Like a Virgin

Monday was my last official day at Shaklee. It was also one of the hardest days of my entire life. During my almost two years at Shaklee I worked with some of the best, brighest and friendliest people that I have ever met. I had a chance to work with some of the best of the best in the industry and beyond. I was mentored by people that were the best in their field, and I worked for a CEO who I daresay could be called a visionary.logo_shakleenet_white.gif On Monday I start the next chapter in my career as Head of Interactive Marketing at Virgin America. VA is the new domestic airline based at SFO. It's totally separate from all of the other Virgin companies, including Virgin Atlantic. I will be in charge of everything to do with the web, including the website itself, email, online marketing etc. It's going to be a unique challenge, as it's a startup - they don't yet have their DoT approval - but it's also the chance to work at one of the most recognizable brands in the world. Of course it's also the opportunity to return to the airline industry, my true passion. logo_v_america.jpg So the last few weeks have been very emotional, with a great deal of internal debate on my part. In fact, my recent solo trip to Tahoe was purely to get away from any outside influences and just spend some time going over the pros and cons, and come to a final conclusion. At the end of my time in Tahoe, I had reached a conclusion. I just couldn't turn down the Virgin America opportunity. I handed in my two weeks the next day.
The next two weeks was a maelstrom of blood, sweat and tears. Convention week was upon us, the busiest week of the Shaklee year, so everybody was distracted. My plan was to slip out quietly during the chaos of convention, but that was not to be. Word spread quickly and I had many people asking me "Is it true?" and trying to talk me out of it. All through convention I had people pulling me aside saying "what's it going to take to keep you here?" - which was a hard question to answer because I wasn't leaving Shaklee because I was unhappy. I love Shaklee but this was just an offer I couldn't refuse, it was a simple as that. If it had been any other company in any other industry, I would have turned down the offer there and then. But this was different. On the penultimate day of convention, the wonderful Noelle, without whom my life at Shaklee would have been very difficult, organized a farewell party at a bar down the street. I was expecting a handful of people to show, but I was overwhelmed when I saw just how many people turned up! It was a truly amazing night (about which I remember very little.)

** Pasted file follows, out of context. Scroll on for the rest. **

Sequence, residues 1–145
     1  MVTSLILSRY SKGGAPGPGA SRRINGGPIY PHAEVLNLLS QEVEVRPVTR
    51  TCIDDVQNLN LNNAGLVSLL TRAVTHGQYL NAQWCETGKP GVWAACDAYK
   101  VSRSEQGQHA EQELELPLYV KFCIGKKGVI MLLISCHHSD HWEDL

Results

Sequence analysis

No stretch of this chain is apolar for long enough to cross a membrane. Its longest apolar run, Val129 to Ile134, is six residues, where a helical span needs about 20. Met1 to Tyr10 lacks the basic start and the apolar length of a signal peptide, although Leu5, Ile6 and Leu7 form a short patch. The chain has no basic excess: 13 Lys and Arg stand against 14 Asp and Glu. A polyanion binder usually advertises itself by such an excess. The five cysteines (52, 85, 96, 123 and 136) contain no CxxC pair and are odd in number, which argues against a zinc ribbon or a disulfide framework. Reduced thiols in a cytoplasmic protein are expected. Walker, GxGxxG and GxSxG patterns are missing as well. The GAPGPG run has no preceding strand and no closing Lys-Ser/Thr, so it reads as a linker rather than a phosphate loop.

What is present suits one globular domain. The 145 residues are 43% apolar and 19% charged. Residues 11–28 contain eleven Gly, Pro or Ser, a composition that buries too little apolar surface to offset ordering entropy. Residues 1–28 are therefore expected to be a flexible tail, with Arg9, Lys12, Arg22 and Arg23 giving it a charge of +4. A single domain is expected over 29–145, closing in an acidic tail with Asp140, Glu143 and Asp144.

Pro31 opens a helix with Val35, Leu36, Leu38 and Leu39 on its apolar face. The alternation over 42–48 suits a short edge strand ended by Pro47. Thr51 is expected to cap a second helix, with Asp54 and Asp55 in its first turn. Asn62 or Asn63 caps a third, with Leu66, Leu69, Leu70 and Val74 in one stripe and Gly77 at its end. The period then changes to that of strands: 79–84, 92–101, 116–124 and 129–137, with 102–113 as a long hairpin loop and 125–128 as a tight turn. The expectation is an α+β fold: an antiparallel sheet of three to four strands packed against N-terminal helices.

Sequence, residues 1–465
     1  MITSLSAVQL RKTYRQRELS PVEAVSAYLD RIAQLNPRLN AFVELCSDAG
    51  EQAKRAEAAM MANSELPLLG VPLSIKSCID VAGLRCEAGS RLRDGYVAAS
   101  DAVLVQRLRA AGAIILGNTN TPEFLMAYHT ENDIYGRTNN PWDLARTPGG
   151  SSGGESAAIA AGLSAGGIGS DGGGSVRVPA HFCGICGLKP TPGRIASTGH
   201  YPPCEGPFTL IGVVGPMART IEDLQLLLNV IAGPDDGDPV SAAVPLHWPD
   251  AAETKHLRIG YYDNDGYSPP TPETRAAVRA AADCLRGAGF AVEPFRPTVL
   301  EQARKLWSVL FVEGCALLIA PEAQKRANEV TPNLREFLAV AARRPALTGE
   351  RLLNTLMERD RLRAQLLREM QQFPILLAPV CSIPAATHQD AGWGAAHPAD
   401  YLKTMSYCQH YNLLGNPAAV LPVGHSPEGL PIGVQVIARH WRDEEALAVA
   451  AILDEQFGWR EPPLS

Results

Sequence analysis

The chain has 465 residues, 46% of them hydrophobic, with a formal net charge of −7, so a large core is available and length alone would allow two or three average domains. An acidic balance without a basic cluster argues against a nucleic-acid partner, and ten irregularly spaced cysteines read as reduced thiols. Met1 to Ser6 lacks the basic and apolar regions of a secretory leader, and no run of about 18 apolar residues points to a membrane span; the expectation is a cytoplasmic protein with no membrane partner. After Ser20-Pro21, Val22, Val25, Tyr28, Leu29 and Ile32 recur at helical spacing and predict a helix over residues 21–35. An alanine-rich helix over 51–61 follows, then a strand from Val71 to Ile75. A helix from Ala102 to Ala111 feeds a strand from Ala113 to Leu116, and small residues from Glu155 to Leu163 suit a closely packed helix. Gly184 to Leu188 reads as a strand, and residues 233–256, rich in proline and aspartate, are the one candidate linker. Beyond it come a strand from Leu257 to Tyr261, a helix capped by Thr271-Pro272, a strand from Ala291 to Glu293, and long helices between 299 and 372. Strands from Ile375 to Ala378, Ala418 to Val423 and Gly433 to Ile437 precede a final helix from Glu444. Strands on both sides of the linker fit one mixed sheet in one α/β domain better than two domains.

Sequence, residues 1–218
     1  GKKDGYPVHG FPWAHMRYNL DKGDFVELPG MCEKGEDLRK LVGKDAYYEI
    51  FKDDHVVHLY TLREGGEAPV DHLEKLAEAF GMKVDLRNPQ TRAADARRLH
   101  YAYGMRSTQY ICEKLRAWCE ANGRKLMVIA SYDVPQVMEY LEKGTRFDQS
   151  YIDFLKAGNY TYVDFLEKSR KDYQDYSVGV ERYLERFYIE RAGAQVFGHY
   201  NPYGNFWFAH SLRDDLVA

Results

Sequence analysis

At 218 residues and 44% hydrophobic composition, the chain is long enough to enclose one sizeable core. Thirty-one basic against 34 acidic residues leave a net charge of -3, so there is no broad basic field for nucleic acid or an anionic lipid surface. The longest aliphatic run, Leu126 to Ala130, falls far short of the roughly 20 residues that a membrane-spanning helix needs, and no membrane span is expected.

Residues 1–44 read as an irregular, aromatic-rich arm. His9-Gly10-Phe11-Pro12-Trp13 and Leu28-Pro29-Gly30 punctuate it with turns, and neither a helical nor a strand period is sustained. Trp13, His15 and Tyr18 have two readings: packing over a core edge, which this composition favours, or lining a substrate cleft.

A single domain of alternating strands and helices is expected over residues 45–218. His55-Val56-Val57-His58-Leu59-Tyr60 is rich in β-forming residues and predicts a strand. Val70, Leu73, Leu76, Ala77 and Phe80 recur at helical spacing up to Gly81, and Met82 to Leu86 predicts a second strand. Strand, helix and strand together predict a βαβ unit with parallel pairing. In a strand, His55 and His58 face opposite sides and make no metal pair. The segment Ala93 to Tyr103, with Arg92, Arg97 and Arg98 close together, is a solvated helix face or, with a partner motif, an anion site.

It was a great, great evening and I think it's safe to say that everyone had a great time. If the state of everyone the next morning is an indicator, it was a solid night all round. It was obviously a night of mixed emotions as well. I really got to know some people who I had never really spent much time with during my time at Shaklee. It's sad that it took an event like this to discover how great a person they were. But, that leads nicely to my next point. How did I rationalize my departure from Shaklee? I have never been so emotionally invested in a company in my entire life. There was something about Shaklee that just clicked with me. The mission, the heritage, the family connection. I mean, how many companies take over an entire Major League ballpark for the night to celebrate their 50th anniversary - or have Earth, Wind and Fire play a private gig at their convention. It could have been any one of those, or a combination thereof. But what it really boiled down to was the people - and my decision to leave Shaklee was based on my ability to distill the Shaklee People and the rest of Shaklee. After much thought, I was able to come to the conclusion that my friends at Shaklee would always be my friends, regardless of where they worked. On top of that, it was the need to take the plunge into something different. It's very easy to stay in one's comfort zone and I could have happily accepted the counteroffers and resumed my life at Shaklee, with the friends I loved and the work I knew. However this time, I needed to take a risk. I wanted the excitment and anticipation of a startup. I've worked at well established corporations my entire career - incredibly Shaklee, at 50 years old, is the YOUNGEST company I've worked for. At Virgin America, I'm getting in on the ground floor. But ultimately, it was this quote that helped me make my decision: "Because we do not know when we will die, we get to think of life as an inexhaustible well. And yet everything happens only a certain number of times, and a very small number really. How many more times will you remember a certain afternoon of your childhood, an afternoon that is so deeply a part of your being that you cannot conceive of your life without it? Perhaps four, or five times more? Perhaps not even that. How many more times will you watch the full moon rise? Perhaps twenty. And yet it all seems limitless." At the end of the day, it was time to seize the day.